Claims of “Uncertainty” nothing more than Orwellian ploy by Republicans

Posted on March 19, 2011

1


These days, “uncertainty” is a word that repeatedly pops up in Capitol Hill debates over any legislation that could possibly affect business in the private sector.  Of course, Republicans (and some Blue Dog Democrats) have somehow found ways to trace just about every one of their policy stances, regardless of the issue at hand, back to their efforts to provide “certainty” for American business owners and investors.

In most cases, the supposed financial “certainty” that Republicans look to instill with their policy initiatives is minimal compared to the uncertainty they cause in other respects.  In fact, in most cases, the Republicans’ explanations of how certain bills will cause “uncertainty” in the markets oppose traditional economic assumptions and basic logic.  Can Republicans get away with this Orwellian message simply because the word “certainty” evokes similar images in American minds as the word “conservative”?  Polls show that they do not get away with it, as Obama still holds more clout with the public on the economy than the Republicans. This explains why the GOP, which now embarks on a crusade to repeal the Dodd-Frank reform bill, is keeping its intentions hush-hush.

But even if Republicans are not winning the battle of public opinion on the economy with their “uncertainty” message, they are winning in other more important ways.  They have used this message to extract concessions in legislation, pull American political discourse to the right, and deliver their corporate bedfellows just about everything they want.  In light of this, it is only proper to go through each of these Republican claims regarding market “uncertainty” and judge whether they are true or false…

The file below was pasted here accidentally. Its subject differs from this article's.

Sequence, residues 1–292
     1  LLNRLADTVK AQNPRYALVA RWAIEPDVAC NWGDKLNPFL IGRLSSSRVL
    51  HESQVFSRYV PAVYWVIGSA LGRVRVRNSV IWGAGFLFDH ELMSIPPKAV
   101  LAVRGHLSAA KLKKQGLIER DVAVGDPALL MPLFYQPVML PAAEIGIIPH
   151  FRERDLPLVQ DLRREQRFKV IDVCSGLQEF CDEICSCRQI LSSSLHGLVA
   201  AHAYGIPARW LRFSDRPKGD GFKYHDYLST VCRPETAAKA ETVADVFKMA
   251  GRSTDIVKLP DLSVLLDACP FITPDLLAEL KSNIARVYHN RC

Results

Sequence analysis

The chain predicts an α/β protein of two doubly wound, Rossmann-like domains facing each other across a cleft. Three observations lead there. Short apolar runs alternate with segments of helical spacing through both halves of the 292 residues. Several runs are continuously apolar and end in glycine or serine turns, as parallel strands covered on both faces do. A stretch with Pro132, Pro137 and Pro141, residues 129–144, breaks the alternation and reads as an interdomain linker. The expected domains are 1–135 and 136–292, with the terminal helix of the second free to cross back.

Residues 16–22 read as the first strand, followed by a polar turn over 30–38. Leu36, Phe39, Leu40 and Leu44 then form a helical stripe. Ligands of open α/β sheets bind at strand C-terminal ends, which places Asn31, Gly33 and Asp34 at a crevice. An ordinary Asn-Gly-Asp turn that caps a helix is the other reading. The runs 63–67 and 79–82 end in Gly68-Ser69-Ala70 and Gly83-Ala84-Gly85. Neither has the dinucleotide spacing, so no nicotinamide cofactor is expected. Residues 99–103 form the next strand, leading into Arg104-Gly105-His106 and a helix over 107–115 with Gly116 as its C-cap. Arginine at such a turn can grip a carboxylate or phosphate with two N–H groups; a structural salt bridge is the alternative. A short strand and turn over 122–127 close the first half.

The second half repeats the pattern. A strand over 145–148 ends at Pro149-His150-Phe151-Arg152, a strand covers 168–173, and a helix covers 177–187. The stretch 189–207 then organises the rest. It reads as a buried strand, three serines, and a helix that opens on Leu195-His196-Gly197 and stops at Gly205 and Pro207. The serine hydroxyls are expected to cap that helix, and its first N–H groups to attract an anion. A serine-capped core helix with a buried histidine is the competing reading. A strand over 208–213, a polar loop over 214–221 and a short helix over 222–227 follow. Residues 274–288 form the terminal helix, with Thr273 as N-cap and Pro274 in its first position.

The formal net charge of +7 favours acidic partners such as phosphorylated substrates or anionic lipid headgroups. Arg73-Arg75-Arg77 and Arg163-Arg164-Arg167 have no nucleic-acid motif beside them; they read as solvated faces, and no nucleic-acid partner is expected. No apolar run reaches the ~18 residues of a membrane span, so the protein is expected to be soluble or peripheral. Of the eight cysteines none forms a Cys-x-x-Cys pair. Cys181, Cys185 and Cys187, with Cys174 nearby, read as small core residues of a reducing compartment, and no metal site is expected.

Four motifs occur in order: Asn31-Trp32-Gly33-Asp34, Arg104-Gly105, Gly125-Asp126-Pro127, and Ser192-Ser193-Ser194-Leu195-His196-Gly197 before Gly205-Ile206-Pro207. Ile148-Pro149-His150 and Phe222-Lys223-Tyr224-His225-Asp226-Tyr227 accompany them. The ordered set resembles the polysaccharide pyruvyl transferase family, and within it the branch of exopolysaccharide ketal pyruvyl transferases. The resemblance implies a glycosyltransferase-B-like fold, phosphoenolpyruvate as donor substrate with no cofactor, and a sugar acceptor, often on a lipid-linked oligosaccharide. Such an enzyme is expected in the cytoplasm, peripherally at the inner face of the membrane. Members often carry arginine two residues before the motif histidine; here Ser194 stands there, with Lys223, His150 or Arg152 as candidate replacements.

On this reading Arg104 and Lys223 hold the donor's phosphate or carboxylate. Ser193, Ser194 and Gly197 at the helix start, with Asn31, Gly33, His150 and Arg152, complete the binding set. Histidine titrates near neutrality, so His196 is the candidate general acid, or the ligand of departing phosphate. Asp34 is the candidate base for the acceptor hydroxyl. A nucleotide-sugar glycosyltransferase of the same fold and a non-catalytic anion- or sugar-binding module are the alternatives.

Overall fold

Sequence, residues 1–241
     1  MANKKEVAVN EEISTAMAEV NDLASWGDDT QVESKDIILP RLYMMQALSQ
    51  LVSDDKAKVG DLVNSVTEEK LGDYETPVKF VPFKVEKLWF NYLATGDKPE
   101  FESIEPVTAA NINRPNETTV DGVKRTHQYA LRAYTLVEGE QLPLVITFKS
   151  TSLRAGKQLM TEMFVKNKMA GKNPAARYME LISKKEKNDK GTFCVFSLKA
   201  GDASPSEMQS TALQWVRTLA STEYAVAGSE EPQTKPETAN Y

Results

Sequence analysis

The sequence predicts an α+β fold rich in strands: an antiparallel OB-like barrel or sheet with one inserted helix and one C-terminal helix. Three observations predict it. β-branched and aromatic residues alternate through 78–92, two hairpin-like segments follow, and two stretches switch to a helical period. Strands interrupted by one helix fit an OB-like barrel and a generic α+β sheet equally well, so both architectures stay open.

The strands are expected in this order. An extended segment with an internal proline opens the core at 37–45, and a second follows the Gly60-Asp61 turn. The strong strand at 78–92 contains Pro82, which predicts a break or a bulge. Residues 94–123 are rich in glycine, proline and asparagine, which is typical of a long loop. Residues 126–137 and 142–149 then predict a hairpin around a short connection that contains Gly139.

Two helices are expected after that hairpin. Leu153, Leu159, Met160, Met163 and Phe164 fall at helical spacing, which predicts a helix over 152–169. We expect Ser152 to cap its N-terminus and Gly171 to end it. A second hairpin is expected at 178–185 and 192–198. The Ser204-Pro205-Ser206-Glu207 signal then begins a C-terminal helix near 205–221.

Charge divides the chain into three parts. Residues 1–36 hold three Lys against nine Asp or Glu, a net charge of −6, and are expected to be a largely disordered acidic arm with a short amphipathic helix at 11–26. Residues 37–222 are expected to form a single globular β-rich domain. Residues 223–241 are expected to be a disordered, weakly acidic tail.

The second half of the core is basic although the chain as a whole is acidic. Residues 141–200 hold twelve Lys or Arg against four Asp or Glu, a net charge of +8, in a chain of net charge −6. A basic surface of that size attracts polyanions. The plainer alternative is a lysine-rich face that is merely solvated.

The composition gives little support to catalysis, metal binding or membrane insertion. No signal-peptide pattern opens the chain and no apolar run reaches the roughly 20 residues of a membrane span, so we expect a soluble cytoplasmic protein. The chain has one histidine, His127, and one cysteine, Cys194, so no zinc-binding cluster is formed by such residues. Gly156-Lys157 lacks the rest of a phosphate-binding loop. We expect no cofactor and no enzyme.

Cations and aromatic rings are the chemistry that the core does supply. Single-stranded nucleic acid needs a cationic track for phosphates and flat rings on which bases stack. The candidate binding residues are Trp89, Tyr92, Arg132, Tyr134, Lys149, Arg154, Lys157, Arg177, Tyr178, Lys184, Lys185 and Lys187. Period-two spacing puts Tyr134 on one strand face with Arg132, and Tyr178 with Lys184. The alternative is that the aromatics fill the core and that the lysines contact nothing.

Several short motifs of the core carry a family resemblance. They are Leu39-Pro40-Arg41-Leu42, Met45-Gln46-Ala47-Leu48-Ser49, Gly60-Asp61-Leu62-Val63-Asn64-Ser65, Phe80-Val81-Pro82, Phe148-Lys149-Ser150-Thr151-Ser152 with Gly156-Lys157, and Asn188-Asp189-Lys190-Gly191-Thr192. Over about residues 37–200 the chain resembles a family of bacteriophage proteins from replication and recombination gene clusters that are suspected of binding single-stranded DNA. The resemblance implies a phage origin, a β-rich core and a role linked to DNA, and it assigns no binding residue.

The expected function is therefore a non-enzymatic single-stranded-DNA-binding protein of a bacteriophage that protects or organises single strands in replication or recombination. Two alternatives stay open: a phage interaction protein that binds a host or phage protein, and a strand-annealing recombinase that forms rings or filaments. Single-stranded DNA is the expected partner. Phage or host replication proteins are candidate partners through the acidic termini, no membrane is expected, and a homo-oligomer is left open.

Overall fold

CLAIM #1

REGARDING:  Financial Reform

ASSERTION:  Certain provisions of the Dodd-Frank bill threaten to create too much “uncertainty” among derivative traders and therefore threaten to damage the market.

From the Wall Street Journal:

House Republicans will also seek to exempt companies that use derivatives to hedge commercial risk from new requirements that they route their transactions through clearinghouses. Those companies have been lobbying for the change, arguing that the Dodd-Frank law leaves uncertainty about whether they would have to clear their derivatives trades.

RESPONSE:  Wait a minute, forcing companies to route derivative transactions through clearinghouses would create uncertainty?  That doesn’t sound right.  That’s because according to the conclusions of the Financial Crisis Inquiry Commission, that is the exact opposite of the case:

…the existence of millions of derivatives contracts of all types between systemically important financial institutions—unseen and unknown in this unregulated market—added to uncertainty and escalated panic, helping to precipitate government assistance to those institutions.

In other words, because credit default swaps were not traded on exchanges and were left completely unregulated, it became virtually impossible to measure the obligations of key financial institutions (AIG, Lehman Brothers, Goldmann Sachs) when the dominos began to fall.  But look at the bold words above: these are two different types of uncertainty.  With a regulated exchange in place, investment banks, on the one hand, would be “uncertain” that the potentially perilous derivatives they wish to trade would survive the analysis of a non-partisan government exchange official with some teeth as opposed to that of a corrupt puppet rating agency that gets a nice fat check for every AAA rating it doles out.  The existence of an exchange might also make the banks “uncertain” as to whether they could push the bill to the taxpayer when they bring the financial system to the brink of collapse again or if they might actually be held somewhat responsible this time around.  With all of this “uncertainty” for banks, no wonder the Republicans were so afraid of an exchange.  The uncertainty the FCIC referred to, however, is the type that the entire financial system is subject to and therefore can actually negatively impact the market. Which uncertainty do you think we ought to curb?